Although Aliens is a very different movie compared to its predecessor, director James Cameron does a masterful job of maintaining a lot of the same horror elements and atmosphere through his incredibly detailed sets, fantastic use of lighting and shadows, and James Horner’s orchestral score. Both melancholy and rallying, depending on the situation, the score really goes a long way to bolstering both the tension felt when the marines are investigating the aftermath of Hadley’s Hope’s last stand against the aliens and when they’re engaging with their violent enemy with all guns blazing. Additionally, this is the film where the aliens gain their signature death squeal which, like the camaraderie between the marines, would become a staple of the franchise and its spin-offs. The marines are clearly a tight-knit group and have been through a lot together, which means they’re not ashamed to bust each other’s balls or through some shade at each other. Even Apone gets in on the action and has a very close, ground-level relationship with his troops; he easily assumes a position of command when required, and is clearly well respected by his marines, but is also clearly seen to be one of them as he sits and eats with them and is just as incredulous to Gorman’s nonsensical orders and inexperience. Many of the marines echo the anti-authority sentiment of some of the Nostromo’s crewmen; Gorman has little combat experience and is left completely overwhelmed when the aliens first attack as it goes against his by-the-book preparations, and the marines are only too happy to go against the Company’s orders (and Burke’s insistences) in order to better ensure their own survival rather than worrying about financial gain.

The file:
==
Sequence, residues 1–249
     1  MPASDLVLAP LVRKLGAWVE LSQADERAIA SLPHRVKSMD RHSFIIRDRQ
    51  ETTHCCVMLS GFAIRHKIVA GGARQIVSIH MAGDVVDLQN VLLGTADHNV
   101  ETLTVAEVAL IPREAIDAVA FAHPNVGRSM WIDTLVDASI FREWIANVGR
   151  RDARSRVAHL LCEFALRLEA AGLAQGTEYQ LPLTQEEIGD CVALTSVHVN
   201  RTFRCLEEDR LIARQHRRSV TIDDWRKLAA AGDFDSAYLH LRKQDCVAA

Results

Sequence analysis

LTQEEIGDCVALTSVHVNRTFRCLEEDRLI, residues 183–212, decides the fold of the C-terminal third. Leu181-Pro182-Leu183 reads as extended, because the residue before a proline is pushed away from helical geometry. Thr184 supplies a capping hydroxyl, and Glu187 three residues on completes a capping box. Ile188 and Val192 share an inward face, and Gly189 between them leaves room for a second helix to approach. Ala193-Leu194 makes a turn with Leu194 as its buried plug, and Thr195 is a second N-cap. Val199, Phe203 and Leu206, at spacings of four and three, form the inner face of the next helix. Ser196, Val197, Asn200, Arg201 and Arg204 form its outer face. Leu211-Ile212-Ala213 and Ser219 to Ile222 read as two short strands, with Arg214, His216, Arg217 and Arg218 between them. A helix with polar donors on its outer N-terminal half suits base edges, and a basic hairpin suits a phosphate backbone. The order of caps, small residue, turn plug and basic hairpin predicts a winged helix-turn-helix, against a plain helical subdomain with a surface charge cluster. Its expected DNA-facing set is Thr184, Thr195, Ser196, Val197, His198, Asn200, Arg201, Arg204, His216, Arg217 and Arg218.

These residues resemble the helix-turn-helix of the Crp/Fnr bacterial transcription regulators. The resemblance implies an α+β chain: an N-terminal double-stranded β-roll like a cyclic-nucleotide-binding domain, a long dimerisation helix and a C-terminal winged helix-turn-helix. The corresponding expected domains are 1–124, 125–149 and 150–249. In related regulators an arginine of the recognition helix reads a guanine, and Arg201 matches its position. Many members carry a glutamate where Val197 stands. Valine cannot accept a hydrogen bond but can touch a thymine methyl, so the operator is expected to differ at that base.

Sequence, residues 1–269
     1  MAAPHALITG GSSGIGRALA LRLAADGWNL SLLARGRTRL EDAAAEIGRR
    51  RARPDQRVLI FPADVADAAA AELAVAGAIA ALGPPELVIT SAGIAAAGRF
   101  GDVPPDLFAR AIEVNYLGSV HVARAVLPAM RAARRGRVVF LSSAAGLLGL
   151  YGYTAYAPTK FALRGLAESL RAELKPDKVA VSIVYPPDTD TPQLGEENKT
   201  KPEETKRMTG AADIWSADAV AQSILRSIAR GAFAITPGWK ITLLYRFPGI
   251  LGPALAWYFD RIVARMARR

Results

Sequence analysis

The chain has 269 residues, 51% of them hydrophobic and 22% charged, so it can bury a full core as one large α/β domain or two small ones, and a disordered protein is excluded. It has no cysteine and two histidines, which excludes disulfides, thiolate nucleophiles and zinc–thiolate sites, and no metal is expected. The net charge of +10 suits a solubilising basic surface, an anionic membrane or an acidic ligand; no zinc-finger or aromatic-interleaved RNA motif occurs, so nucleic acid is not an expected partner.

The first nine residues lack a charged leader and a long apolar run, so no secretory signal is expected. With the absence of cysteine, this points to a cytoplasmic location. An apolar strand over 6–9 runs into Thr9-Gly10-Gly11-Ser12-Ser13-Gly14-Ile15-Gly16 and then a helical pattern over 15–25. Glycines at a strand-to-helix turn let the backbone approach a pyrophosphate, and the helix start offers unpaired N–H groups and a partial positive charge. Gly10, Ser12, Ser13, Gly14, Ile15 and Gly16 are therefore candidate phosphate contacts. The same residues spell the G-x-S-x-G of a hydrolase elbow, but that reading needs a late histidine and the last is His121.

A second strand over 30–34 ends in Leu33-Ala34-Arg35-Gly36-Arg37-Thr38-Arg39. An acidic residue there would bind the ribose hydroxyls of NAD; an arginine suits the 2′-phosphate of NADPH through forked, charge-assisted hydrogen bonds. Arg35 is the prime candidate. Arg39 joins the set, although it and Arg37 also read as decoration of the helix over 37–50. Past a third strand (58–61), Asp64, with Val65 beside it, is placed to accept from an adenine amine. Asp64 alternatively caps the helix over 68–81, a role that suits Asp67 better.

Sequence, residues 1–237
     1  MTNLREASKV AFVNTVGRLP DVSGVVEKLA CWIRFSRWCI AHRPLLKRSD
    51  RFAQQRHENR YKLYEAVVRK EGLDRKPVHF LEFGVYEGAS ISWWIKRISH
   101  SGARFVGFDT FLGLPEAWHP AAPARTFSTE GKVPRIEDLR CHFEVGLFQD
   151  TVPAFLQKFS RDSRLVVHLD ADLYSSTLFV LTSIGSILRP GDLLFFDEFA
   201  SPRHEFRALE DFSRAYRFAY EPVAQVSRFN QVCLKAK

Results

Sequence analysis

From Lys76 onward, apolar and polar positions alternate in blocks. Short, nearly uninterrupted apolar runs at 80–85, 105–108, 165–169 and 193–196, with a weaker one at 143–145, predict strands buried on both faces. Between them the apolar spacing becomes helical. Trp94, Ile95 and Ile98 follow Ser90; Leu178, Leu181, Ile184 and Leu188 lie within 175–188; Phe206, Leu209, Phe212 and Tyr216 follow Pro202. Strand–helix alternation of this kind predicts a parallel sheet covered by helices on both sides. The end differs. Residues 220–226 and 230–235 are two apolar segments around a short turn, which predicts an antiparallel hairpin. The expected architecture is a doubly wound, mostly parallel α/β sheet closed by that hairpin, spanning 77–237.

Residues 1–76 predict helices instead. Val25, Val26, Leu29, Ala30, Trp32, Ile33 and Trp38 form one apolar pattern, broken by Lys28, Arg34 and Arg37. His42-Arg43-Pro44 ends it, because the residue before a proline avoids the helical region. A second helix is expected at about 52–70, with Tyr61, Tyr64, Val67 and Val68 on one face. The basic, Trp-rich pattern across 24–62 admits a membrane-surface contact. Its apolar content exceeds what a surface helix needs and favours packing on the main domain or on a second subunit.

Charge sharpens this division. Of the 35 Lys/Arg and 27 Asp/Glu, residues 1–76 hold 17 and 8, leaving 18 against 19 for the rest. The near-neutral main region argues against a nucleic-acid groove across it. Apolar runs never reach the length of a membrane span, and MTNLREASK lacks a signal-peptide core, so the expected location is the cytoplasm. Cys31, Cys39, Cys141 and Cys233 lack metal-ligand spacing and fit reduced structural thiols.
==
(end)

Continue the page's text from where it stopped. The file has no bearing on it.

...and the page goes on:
The additional scenes work in tandem with the practical effects to expand on the aliens’ nature.